Politics & Parsha: Kedoshim 5771

Posted on April 29, 2011 In Archives

Politics & Parsha: “Shul Politics Like Never Before”

Each week IPA Deputy Director of Public Policy Howie Beigelman takes a look at the weekly parsha and discusses it in a way you may never have seen. Any hashkafic, halachic or political opinions are personal and do not reflect the official psak or policy of the OU.

Kedoshim 5771: Separate but Really & Truly, Equal

Sometimes the English translation doesn’t do justice. We translate kadosh as holy but separate is more accurate. In Jewish tradition, something sanctified as holy is set apart. When the Bible this week urges “kedoshim t’hiyu” (“be holy”) many of the commentaries interpret that as “pull back” or “separate.” Ramban/Nachmanides famously suggests the Torah asks we live in moderation, because you actually can have too much of a good thing. (I am reminded of an anecdote (I can’t vouch its truth) about Rabbi Joseph B. Soloveitchik (Passover marked his 18th yartzheit), a paradigm of self control who sometimes ate just one spoonful of ice cream for dessert.)

So being separate is good, says the Bible. But then the Bible lists all manner of commands that cannot be performed save in a community: give charity, honor parents, gleaning fields, paying workers and dealing with the stranger and foreigner. We are admonished to keep honest weights and measures, forbidden from tale-bearing, gossip and more.

The path to holiness is not either via separateness or community but both, says the Bible. Step back, but do not remain apart.

Being separate sometimes leads to being out of touch, being too judgmental of fault and error or too suspicious and wary; of holding people responsible for things beyond their control and having unrealistic expectations of people. Sometimes even, conversely, separateness causes someone to assume too little of people and presume they can’t do certain things or won’t act in certain ways. This happens all the time when people without young children encounter toddlers, pre-teens or heaven help them, actual teenagers. They either expect them to act “grown up” or talk down to them because they think the child can’t meet them at their level.

A long time ago, in summer camp, I met two role models, Rabbi Naftali Besser & Rabbi Danny Rhein who excel in treating – and taking everyone – whether six, sixteen or 56 – seriously. Admittedly, they made, and, to this very day, make it look very easy. But for the rest of us, the Bible has some advice. You can work on bettering yourself but you can never think you’re that much better. The Bible therefore requires us to be in the community and to look at, deal with and converse with those we might think less of. We have to give them charity, pay them daily, make sure to leave them of our harvest and even so, we can’t talk about them out loud or hate them in our hearts.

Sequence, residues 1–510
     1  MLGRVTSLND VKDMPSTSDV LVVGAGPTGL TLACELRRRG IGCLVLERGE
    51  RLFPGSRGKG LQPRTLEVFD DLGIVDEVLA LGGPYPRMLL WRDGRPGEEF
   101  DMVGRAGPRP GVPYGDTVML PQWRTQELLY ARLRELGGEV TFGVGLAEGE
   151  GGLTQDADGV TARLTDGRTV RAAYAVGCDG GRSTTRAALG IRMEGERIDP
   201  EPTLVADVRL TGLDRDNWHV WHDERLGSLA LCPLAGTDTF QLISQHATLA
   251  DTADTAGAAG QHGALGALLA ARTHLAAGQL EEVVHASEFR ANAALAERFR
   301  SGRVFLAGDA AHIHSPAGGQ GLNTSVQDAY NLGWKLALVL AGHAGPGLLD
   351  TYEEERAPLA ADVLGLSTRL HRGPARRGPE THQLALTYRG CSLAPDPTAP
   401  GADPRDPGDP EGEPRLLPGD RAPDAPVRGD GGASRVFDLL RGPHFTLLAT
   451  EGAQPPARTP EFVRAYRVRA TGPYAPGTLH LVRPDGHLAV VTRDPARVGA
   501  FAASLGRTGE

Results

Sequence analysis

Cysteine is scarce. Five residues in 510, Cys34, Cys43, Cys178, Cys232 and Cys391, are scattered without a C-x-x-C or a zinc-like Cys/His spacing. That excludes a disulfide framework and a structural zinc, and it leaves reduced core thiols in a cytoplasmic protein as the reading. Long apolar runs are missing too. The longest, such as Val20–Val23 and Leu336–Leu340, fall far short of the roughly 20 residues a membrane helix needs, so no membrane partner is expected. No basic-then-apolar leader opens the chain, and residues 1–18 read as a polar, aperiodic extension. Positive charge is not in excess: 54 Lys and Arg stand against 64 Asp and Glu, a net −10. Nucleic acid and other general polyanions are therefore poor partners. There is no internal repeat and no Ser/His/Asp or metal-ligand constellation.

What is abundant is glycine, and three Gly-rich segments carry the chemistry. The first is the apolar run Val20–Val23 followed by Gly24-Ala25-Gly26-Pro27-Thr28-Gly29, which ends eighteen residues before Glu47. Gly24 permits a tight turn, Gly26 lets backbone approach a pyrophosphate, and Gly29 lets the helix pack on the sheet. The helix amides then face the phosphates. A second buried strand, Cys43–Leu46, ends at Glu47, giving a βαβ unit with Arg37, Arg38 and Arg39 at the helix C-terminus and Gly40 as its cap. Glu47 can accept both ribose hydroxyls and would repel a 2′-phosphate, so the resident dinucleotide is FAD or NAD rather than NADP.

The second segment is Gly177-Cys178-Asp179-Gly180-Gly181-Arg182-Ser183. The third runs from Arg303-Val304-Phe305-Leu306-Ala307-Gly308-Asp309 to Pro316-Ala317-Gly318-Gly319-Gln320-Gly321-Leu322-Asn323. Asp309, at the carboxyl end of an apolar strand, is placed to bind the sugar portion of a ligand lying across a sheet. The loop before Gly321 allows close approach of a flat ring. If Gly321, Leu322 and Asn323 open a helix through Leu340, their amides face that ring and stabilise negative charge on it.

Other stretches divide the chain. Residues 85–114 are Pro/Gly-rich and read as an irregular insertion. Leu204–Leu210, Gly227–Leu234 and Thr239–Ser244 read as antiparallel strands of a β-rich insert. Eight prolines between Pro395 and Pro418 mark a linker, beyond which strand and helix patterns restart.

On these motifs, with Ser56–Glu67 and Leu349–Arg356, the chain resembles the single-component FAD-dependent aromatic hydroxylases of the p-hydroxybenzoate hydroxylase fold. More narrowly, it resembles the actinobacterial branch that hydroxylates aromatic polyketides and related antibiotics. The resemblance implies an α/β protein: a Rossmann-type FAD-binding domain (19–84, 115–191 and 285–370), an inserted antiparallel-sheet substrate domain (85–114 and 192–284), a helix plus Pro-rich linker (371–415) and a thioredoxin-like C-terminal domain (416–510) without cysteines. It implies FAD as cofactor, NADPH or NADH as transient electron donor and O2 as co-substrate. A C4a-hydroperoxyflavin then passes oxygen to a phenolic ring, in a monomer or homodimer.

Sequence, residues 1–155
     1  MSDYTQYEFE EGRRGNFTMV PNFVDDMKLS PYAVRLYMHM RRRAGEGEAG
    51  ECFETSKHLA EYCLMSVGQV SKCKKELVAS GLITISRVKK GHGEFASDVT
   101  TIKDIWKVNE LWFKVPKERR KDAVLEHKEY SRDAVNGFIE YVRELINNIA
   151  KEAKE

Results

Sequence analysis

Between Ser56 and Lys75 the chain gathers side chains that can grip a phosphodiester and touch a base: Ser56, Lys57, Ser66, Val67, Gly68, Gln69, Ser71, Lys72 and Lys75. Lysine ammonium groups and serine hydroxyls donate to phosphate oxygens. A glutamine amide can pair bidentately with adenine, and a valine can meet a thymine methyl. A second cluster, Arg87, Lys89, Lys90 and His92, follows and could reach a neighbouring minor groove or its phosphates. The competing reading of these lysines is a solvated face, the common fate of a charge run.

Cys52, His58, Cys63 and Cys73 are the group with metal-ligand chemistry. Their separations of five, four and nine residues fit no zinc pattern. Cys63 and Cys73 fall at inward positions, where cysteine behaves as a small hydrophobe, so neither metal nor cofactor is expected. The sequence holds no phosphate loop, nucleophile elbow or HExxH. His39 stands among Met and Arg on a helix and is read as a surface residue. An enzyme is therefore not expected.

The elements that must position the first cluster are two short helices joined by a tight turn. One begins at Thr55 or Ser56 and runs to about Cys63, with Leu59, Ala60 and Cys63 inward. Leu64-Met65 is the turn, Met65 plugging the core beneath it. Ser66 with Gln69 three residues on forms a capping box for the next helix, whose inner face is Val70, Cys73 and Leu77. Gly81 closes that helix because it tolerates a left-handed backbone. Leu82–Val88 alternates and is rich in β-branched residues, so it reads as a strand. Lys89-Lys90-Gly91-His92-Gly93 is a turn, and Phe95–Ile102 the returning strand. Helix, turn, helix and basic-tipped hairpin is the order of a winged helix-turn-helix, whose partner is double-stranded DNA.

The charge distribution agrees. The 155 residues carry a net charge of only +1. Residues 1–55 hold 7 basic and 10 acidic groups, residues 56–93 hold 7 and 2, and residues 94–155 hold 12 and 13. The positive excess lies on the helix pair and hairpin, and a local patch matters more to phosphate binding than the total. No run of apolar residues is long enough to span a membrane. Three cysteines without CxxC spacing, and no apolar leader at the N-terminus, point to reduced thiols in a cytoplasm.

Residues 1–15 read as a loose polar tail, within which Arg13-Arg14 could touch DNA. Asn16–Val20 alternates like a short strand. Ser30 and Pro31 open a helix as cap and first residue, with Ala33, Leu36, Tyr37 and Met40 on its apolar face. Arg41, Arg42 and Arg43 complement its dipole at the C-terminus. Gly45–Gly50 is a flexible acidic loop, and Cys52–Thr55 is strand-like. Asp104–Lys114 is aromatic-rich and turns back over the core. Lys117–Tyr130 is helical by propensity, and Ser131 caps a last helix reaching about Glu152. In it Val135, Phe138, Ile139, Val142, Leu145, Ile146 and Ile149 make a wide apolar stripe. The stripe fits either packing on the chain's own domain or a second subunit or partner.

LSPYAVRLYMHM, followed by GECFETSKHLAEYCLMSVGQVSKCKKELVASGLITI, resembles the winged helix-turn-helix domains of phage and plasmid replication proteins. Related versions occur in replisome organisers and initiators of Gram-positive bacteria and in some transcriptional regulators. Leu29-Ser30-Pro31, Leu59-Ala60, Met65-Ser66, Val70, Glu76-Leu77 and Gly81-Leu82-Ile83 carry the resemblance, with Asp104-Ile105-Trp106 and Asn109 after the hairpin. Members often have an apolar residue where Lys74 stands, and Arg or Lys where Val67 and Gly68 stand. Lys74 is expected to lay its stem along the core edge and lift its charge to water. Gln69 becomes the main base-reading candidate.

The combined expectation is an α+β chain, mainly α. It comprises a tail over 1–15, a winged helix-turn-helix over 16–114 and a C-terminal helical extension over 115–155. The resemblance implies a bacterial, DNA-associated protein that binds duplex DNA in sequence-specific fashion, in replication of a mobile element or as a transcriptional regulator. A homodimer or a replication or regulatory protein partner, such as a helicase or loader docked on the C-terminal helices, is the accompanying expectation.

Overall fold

Sometimes our elected and appointed officials, not to mention our pop stars and major league athletes, live in a bubble (the Beltway, Hollywood, Wall Street) and they don’t understand what ordinary folks go through.

All too often they assume things – and usually for the worse. They make that assumption about their political opponents or even political allies, and both they and voters make assumptions on those who hold different political opinions or vote a different way on an issue.

We ourselves do this at times in our own workplaces, with our families and in our communities. Anna Quindlen famously took 60 Minutes’ Andy Rooney to task for this in a 1994 column when he couldn’t understand why teenagers were depressed or had stress and essentially dared them to experience the real pain and stress of a world war or the fight against communism.

We all, at times, assume more – or less – than we should. And because we should know better, the Bible ensures we can know better. In the words of the late Lubavitcher Rebbe, Rabbi Menachem Mendel Schneerson, “Be within. But stay above.” Be holy, but be here.

Words to consider, ideas to ponder — politics & the parsha.

In honor of the birth of Chana bat Ora Rochel, who I’m betting grows up to internalize this lesson by watching her parents model it.